Marcos: Reforms to come faster if I stay as Agri chief

President Ferdinand "Bongbong" Marcos Jr. believes he can implement the necessary reforms and effect changes if he stays as the Department of Agriculture (DA) Secretary.

President 'Bongbong' Marcos Jr. (RTVM / PTV Screenshot)

Marcos said this as different parties continued to egg him to appoint a full-time Agriculture chief. Marcos has been concurrently serving as the head of the DA since he assumed office in June 2022.

In an interview, Marcos said he believes effecting changes in the DA would be faster because no one can say "no" to the President.

"For me, DA, there really are things that I can do if there was a secretary and he or she did it... magagawa pero matagal, madaming diskusyon (they can do it, but it would take some time, there would be plenty of discussions)," he said.

“The President, they cannot say no to. And ‘pag hindi nila ginawa ‘yung utos ko, puwede kong sitahin. Iyong secretary... may pakiusap pa (If they will not do what I say, I can call them out. A secretary can talk it out with them)," he added.

"We want to take that wiggle room out of that system," he continued.

In a recent interview in Switzerland, President Marcos said he would appoint a permanent secretary of agriculture who is an expert in the field, stressing he wants to do the "old, hard things" at the department.

He also thumbed down the idea of appointing a former military or police officer to lead the DA, saying the one holding the DA portfolio should be an agriculture expert who understands the science and the solution.

Dreams, bucket list

Marcos has expressed his "dreams" for the country's agriculture sector are attaining sustainable livelihood for farmers, having affordable food for all, as well as food security.

During the interview, he shared some items on his bucket list for the development of the agriculture sector, which include aiding farmers, improving research and development (R&D), and adopting new crop varieties.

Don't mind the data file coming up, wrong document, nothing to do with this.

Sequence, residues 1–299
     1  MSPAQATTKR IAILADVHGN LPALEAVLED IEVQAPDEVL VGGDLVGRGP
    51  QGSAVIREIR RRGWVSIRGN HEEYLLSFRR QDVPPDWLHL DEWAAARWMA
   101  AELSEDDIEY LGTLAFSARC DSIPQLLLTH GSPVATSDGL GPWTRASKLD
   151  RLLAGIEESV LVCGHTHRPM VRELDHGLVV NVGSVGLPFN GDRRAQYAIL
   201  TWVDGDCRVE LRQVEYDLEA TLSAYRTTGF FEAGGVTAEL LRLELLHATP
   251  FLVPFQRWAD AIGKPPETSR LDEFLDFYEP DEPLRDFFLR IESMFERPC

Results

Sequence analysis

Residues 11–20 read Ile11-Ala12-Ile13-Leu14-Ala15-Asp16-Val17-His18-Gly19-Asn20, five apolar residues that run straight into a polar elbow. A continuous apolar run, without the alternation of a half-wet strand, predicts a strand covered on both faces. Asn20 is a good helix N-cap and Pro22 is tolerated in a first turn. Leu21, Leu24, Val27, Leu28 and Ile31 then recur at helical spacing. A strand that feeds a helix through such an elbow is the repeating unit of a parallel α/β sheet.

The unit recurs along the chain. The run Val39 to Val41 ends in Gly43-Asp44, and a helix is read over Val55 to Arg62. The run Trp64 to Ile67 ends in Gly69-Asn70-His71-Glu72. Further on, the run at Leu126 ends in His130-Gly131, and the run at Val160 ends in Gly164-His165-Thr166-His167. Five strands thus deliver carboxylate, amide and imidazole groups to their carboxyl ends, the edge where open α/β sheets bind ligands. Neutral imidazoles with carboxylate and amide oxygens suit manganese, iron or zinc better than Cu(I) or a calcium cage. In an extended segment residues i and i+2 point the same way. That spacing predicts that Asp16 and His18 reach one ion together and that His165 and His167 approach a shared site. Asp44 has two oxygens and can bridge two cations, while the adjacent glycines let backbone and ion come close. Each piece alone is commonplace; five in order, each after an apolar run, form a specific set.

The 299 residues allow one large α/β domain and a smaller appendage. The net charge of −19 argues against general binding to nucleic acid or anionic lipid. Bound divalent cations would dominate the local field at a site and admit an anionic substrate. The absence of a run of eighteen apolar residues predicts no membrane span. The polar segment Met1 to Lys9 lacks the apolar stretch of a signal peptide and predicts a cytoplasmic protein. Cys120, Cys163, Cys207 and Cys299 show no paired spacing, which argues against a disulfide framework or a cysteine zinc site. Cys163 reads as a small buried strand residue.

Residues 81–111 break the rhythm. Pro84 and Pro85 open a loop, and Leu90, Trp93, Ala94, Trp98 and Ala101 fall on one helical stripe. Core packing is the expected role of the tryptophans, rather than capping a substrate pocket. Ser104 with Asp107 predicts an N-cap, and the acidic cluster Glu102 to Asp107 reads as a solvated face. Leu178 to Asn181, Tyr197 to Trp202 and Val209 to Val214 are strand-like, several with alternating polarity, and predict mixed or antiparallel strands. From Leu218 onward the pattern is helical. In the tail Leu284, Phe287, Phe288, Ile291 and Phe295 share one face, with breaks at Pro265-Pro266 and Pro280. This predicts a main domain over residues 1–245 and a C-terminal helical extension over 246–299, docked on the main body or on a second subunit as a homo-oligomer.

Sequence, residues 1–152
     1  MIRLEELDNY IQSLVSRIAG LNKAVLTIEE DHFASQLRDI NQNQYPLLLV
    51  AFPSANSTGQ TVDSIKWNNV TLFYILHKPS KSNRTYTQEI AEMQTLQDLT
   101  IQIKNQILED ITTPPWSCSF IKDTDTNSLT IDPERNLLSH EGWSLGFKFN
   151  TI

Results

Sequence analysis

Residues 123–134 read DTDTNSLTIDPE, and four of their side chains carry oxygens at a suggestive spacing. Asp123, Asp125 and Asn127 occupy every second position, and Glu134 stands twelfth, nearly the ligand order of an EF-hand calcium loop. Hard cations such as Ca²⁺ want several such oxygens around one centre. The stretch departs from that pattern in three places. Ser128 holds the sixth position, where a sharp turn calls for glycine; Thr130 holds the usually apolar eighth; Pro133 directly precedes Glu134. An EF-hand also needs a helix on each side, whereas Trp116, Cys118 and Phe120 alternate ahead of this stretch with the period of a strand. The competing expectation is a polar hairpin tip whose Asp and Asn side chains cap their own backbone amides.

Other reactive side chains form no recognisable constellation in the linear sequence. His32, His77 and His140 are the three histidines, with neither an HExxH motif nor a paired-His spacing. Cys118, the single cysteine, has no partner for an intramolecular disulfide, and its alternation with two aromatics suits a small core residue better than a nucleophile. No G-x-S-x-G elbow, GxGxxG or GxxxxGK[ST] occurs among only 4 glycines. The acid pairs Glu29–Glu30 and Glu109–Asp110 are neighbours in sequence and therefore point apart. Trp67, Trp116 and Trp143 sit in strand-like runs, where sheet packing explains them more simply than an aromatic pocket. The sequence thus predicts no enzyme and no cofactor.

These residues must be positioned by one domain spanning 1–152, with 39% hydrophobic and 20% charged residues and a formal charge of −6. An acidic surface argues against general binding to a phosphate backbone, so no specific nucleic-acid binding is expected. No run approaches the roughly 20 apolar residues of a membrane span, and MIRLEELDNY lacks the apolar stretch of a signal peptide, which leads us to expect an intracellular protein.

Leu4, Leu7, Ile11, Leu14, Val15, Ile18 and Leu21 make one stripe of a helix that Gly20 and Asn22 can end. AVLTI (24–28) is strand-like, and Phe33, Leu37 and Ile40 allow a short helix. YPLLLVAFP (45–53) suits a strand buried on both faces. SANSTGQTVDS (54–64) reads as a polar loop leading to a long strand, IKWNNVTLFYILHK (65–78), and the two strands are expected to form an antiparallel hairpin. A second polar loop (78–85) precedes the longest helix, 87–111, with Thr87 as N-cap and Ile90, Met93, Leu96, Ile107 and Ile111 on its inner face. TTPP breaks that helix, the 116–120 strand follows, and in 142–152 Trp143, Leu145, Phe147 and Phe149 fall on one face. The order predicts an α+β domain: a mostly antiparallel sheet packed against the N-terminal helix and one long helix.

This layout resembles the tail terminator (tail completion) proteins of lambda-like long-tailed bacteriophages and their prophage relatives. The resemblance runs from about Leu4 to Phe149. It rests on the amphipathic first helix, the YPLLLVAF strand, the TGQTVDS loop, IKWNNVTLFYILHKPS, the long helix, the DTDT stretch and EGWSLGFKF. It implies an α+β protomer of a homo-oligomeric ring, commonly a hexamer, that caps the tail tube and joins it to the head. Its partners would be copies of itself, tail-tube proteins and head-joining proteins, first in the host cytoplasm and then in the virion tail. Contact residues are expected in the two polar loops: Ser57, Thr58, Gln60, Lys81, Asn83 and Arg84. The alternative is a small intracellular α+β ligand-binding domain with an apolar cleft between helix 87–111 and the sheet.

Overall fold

"We have to help the farmers... We are trying to adopt new techniques for farming that will actually, I think, that we will be able to use – new technology, new variety, start with the R&D," the President said.

"You know, especially in the area of agriculture, the overarching issue is climate change," the President said.

Marcos said farmers need help scheduling things because the weather keeps changing.

And with the shocks that have hit the global economy and the supply chain problems, the government has to have many supplies so it can source various products somewhere, he added.

According to the President, he is coordinating with other countries to develop what he refers to as non-traditional suppliers, particularly for fertilizer, wheat, rice, and corn.

"Hopefully, down the road, in the few years, we no longer have to worry about non-traditional supply because we will be able to produce enough for ourselves," he said.

However, President Marcos admitted that the country's agriculture sector is facing multifaceted problems as demand overtook production, which puts pressure on prices and leaves the government with no choice but to import.

He said the country is in an "emergency" due to the neglect of the agricultural sector for many years, with local production way below the demand.

Onion and sugar

Regarding sugar and onion, Marcos said there is no record of how much of them were actually in the country.

"We are starting to get a hand on it now. And so we are going to put in terms of sugar, I mentioned specifically before that we will now, from now on, maintain a two-month buffer stock that is to mitigate the speculation," Marcos said.

“In terms of onions naman, ganoon pa rin ang sitwasyon (it's the same). We are not producing as much as we consume, and therefore, we still have to import," he added.

President Marcos pointed out, however, that scheduling importation is critical for both sugar and onion and all of the other commodities to protect the local industry. Imports must come in at the proper time so those goods do not compete with local farmers.

"'Pag maayos na 'yan (When we've cleared that), that is one box that I've been – I will tell I've been able to tick... But we come back to the problem of production," Marcos said.

"Then, we will have a secretary who will then take my place and will implement that plan. Basta’t alam nating nakakaintindi ito sa ating ginagawa (As long as we know they understand what we're doing)," he added